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Twelve years from hobbyist to pro

Want to check out an excellent post for people who a) like cool artwork and b) want to be a professional in a creative field? Well, here you go:

How I Became an Artist: The 12 year journey of my art thus far.

Takeaway: At the start, he wasn’t much better than me. Maybe a little better. At the end, he’s creating art so cool that it’s downright spooky.

But there’s no mention of the word talent–except once, in quote marks. All he talks about is hard work, and education. When he was starting out, he found a useful community for mutual support and critique. As he continued, he took classes, worked on techniques to improve the places he felt weak, continued to strengthen his strong points, and he practiced like whoa.

It’s a reflection of the growth mindset discussed in (among many others) this Atlantic article: Don’t Call Kids Smart. The way to find success is to force yourself to grow and improve, and to expect it to take a long time and a lot of work.

This is important. Too many people would look at the art at the bottom of that page, think how talented! and assume his ability to create that artwork comes from some spooky inborn trait. It doesn’t. It’s just hard work and self-education.

This is something I’m trying to impart to my son. It doesn’t have to be art; it can be anything. You suck at things when you start out, and you get better over time. With extra effort, you get really good. That’ what it takes.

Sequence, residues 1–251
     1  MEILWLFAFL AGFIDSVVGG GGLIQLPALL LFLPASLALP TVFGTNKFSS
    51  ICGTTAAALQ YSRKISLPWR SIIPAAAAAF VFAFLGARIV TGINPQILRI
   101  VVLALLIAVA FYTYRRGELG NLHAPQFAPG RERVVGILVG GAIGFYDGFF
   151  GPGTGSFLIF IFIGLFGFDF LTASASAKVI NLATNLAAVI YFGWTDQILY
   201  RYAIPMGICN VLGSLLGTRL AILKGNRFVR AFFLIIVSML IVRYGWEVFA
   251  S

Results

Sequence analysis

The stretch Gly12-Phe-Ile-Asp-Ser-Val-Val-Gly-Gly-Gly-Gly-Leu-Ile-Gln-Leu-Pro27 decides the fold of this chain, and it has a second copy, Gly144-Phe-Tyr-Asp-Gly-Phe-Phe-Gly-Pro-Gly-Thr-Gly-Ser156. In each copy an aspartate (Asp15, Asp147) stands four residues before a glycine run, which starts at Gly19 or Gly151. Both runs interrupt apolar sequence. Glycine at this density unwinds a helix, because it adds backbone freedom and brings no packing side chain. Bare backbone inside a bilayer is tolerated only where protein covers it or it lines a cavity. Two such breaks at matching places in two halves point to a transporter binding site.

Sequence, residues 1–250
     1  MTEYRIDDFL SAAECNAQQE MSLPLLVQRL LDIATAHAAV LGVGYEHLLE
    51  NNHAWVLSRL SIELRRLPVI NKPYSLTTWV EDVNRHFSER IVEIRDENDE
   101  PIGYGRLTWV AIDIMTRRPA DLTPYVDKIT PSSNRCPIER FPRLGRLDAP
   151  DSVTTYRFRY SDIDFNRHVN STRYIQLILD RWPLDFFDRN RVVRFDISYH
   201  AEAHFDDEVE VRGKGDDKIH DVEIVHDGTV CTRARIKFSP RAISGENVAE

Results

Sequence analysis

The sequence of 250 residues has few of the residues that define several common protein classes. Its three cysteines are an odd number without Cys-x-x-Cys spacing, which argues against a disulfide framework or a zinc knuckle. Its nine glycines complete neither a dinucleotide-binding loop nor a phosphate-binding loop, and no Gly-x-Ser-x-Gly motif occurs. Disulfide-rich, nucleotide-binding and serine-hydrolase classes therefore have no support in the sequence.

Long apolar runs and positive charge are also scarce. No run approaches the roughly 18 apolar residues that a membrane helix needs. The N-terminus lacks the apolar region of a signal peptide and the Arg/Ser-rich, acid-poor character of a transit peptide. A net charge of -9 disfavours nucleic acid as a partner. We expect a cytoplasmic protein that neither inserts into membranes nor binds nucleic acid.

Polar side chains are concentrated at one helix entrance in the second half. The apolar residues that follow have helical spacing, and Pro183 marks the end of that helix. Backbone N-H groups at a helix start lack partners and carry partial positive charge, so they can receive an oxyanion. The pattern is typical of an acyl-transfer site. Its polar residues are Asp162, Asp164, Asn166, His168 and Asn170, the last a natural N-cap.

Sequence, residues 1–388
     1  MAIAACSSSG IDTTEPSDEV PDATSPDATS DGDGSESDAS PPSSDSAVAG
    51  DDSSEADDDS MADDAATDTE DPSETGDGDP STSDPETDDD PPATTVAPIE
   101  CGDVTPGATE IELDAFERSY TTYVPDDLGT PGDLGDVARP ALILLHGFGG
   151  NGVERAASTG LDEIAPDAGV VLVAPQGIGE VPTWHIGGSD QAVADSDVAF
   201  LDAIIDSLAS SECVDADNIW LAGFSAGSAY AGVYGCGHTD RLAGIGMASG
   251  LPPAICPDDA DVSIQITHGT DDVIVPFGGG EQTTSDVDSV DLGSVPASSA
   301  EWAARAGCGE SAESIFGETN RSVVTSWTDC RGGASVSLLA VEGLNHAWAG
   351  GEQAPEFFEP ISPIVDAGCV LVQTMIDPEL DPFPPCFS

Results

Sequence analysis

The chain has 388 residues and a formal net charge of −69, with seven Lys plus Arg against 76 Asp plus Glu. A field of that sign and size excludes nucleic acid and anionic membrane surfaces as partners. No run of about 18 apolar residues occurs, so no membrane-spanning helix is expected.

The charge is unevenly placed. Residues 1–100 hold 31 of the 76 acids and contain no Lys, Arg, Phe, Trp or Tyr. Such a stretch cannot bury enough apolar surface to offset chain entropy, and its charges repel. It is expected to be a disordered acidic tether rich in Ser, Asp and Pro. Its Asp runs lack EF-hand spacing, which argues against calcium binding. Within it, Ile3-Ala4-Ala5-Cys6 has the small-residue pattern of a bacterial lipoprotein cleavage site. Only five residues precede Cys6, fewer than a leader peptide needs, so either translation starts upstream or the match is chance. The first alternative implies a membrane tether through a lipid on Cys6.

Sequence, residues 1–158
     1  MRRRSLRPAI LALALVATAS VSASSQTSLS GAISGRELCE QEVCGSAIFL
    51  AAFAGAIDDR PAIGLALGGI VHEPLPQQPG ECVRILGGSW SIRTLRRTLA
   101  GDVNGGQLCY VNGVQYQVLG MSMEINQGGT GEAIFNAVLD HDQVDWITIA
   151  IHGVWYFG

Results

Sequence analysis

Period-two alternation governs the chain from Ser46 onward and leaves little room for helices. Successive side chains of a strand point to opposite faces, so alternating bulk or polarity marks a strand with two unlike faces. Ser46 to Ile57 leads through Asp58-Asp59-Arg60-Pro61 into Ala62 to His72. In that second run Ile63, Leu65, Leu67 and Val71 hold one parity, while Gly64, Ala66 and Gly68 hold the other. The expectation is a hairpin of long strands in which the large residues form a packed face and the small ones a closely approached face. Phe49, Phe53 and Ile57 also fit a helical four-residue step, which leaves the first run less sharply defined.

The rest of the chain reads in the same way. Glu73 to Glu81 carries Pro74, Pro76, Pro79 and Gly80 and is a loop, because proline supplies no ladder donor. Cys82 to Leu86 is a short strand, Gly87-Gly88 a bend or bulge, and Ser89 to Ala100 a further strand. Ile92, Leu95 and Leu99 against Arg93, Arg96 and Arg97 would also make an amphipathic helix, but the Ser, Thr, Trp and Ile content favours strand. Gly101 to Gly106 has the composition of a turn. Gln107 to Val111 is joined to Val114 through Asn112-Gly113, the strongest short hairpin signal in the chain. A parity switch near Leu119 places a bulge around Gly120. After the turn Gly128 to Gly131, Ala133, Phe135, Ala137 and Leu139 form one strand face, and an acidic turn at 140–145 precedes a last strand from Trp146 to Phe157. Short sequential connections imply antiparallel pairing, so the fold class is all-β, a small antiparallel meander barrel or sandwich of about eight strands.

Mirrored from Harry Connolly. You can comment here but not there.

Comments

( 2 comments — Leave a comment )
anna_wing
Jul. 8th, 2015 05:39 am (UTC)
That is remarkably inspiring. I had a junior colleague who took a year of unpaid leave to study pottery with a master in Japan (he had practiced it as a hobby for years, with a master in his home country and already had a fairly high level of skill). No-one thought that he would come back, but he did, and when I asked why he said that he had realised that he could become a master, but only by devoting his whole life to it. He had other things that he wanted to do as well, so he decided to return to the job and do them, and be content to remain a good amateur potter.

Apparently a lot of Japanese take up all manner of traditional arts in their retirement, and practice them to mastery. The gardens of the Imperial palaces are maintained by volunteer amateur pruners chosen by audition. It is considered, obviously, a great honour.


Edited at 2015-07-08 05:41 am (UTC)
burger_eater
Jul. 8th, 2015 01:30 pm (UTC)
It's the same way for writing, or anything. It takes a crazy amount of dedication to become good, and all that work time is subtracted from living.
( 2 comments — Leave a comment )